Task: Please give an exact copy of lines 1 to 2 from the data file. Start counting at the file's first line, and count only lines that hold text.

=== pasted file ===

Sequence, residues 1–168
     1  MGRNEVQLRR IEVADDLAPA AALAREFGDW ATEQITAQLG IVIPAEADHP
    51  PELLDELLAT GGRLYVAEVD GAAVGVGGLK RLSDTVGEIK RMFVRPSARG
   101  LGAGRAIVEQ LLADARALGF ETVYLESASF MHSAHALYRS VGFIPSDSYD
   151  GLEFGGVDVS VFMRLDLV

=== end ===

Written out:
Sequence, residues 1–168
     1  MGRNEVQLRR IEVADDLAPA AALAREFGDW ATEQITAQLG IVIPAEADHP